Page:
Durable medical equipment is basically any piece of healthcare equipment designed for long-term, routine use. As the name suggests, a single piece of durable medical equipment can last for months or even years. The equipment, which may be either rented or purchased, is typically ordered by healthcare providers to help meet a patient’s home care needs.
That could be something as simple as providing increased mobility and sleep quality, or as complex as remotely monitoring the patient’s vitals. In order to qualify for durable medical equipment, you must be able to prove that you need it. This is typically achieved through a document known as a certificate of medical necessity.
That may sound relatively simple on the surface. Unfortunately, it’s anything but. A device classified as durable medical equipment in one scenario might not meet the necessary qualifications in another.
Moreover, in the case of more complex items such as chair lifts, only certain components might meet the classification.
Don’t worry, we’re going to clear the air. We’ll walk you through the basics of durable medical equipment, including the requirements and different classifications. We’ll also give you a crash course in how durable medical equipment is prescribed and regulated—and how your health insurance plays in.
Let’s get started.
What’s Considered Durable Medical Equipment?
Per legal documentation released by the United States Social Security Administration, for an item to be considered durable medical equipment, it must meet the following standards:
- Its primary function must be medical in nature. If a piece of equipment has a non health-related primary use case, it doesn’t matter if it can be used in a medical context. It’s not durable medical equipment.
- It must be intended for everyday use. Durable medical equipment isn’t something one uses only occasionally. It’s meant to be part of a patient’s day-to-day life.
- As the name suggests, it must be reliable and durable. A piece of durable medical equipment should not need regular replacement, but instead should be able to safely achieve its intended purpose for as long as possible—typically three years at the minimum.
- It must be deemed necessary based on the patient’s medical and physical condition. Essentially, this means that durable medical equipment is most commonly prescribed in scenarios where a patient has a disability of some kind.
The wheelchair is among the most common pieces of durable medical equipment, serving a similar purpose to a cane, crutches, or a walker. Believe it or not, prosthetics also fall under the same umbrella, being medical equipment designed to improve mobility and replace motor function. Per the Medicare website, other types of durable medical equipment include:
- Home hospital beds.
- Devices related to Diabetic care, including lancets, lancet devices, and blood sugar monitors
- CPAP machines.
- Internal prosthetic devices such as pacemakers.
- External prosthetic devices such as artificial legs, eyes, or arms.
- Orthotics, including rigid or semi-rigid braces for the arm, neck, and back.
- Oxygen systems and equipment, including tanks, tubing, and machines.
- Certain types of specialized pressure-reducing beds, mattresses, and mattress overlays.
- Nebulizers and their associated medications.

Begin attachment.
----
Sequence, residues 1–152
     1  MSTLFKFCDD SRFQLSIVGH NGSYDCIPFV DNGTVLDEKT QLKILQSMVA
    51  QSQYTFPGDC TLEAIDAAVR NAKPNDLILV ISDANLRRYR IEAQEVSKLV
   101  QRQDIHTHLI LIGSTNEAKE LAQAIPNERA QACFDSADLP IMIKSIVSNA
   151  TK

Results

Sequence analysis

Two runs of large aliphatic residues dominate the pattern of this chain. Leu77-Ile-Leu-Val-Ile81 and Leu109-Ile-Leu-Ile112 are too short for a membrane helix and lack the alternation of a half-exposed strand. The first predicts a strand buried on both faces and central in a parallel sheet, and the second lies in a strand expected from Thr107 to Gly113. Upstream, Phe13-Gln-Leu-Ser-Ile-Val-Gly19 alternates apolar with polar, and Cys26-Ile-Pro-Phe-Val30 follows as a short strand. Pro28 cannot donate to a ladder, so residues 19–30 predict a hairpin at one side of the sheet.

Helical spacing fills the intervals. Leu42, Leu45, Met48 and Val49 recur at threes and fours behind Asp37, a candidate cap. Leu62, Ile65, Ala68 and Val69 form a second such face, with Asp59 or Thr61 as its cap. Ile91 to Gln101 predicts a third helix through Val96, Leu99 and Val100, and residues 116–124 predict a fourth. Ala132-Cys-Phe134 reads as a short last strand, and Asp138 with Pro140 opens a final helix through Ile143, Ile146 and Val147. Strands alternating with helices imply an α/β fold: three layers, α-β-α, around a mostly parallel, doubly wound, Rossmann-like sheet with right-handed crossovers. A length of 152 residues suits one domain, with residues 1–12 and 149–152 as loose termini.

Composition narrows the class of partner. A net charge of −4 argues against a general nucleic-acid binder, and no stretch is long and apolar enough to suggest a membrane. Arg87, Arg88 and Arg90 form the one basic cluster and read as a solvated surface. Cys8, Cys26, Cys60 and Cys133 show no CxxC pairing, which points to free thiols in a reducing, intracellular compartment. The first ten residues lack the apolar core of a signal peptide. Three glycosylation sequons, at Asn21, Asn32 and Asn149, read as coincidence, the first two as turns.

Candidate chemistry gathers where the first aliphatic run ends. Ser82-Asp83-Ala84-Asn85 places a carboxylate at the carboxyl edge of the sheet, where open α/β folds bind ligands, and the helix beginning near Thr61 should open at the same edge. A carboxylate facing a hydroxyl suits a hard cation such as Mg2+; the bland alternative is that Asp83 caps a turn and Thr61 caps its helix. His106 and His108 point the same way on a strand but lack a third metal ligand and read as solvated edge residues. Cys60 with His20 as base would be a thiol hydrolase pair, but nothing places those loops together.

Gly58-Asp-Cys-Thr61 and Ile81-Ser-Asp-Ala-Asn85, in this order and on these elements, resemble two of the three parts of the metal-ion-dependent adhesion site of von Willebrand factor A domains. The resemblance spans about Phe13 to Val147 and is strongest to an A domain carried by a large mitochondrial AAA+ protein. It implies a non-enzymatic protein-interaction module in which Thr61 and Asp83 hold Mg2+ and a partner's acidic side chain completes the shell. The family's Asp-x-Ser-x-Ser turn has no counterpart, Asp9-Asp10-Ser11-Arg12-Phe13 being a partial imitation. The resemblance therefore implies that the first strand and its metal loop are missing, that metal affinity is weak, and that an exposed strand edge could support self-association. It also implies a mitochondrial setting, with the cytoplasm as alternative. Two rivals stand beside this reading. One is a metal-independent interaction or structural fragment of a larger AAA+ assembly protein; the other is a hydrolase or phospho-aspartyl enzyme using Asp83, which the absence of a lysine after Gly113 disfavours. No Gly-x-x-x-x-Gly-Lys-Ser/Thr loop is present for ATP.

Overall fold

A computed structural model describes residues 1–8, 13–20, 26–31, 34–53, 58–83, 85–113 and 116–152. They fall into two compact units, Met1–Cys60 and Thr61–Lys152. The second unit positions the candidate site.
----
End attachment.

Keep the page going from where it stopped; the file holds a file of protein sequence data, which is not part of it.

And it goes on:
- Home infusion supplies, including pumps, IV poles, catheters, tubing, and certain medications.
- Commode chairs.
- Dialysis machines.
- Chair lifts, though Medicare typically only covers the mechanical components and not the chair itself.
Unfortunately, hearing aids do not fall under the definition of durable medical equipment. Instead, they’re elective medical devices. This means that Medicare has determined they are not medically necessary; one could also make the argument that they lack the necessary durability.
Durable medical equipment and adaptive equipment are frequently conflated with one another, as both are intended to meet the needs of individuals with either short or long-term disabilities. The difference is that adaptive equipment is not primarily medical in nature, nor is it considered medically necessary. Adaptive equipment is also useful to individuals without disabilities or impairments.
Examples of adaptive equipment include:
- Grab bars.
- Leg straps.
- Specialized toilets.
- Specialized utensils and dishware.
- Plate guards.
- Shower chairs.
- Dressing sticks.
- Button hooks.
- Handheld showerheads.
Finally, there are also certain kinds of medical equipment and suppliers that are not defined as durable medical equipment by either Medicare or health insurance providers, including:
- Equipment designed to improve mobility and assist the patient outside their home. This may include motorized scooters along with vehicular attachments such as ramps or lifts.
- Items designed or intended largely for comfort and convenience.
- Certain single-use medical equipment such as surgical facemasks, compression leggings, and catheters. Note that catheters are a special case, as there are certain scenarios in which they do qualify.
- Home renovations such as ramps or widened door frames.
- Medical equipment unsuited or unintended for use within the home and typically only used in hospitals or skilled care facilities.
Does Medicare Cover Durable Medical Equipment?
Durable medical equipment is covered by Medicare Part B, with the caveat that both your doctor and their supplier must both be enrolled in Medicare. This typically requires both parties to meet a number of exacting standards—as such, not all doctors and medical equipment suppliers possess the necessary certifications. It’s imperative that you ask all parties if they are involved in medicare.
At least in part, this is because a supplier that adheres to Medicare can only charge you coinsurance and your part B deductible for any equipment you purchase. A supplier that does not participate in Medicare, however, can charge you whatever they see fit. Additionally, if you attempt to submit a claim to Medicare for equipment purchased from a non-participating supplier, the claim will be rejected.
In addition to the rental or purchase price of durable medical equipment, Medicare also covers any associated medical, technical, and maintenance services associated with that equipment. Note that to qualify for Medicare, you must meet one or more of the following requirements:
- Aged 65 or older.
- A disability that severely impedes motor function, mobility, and/or quality of life.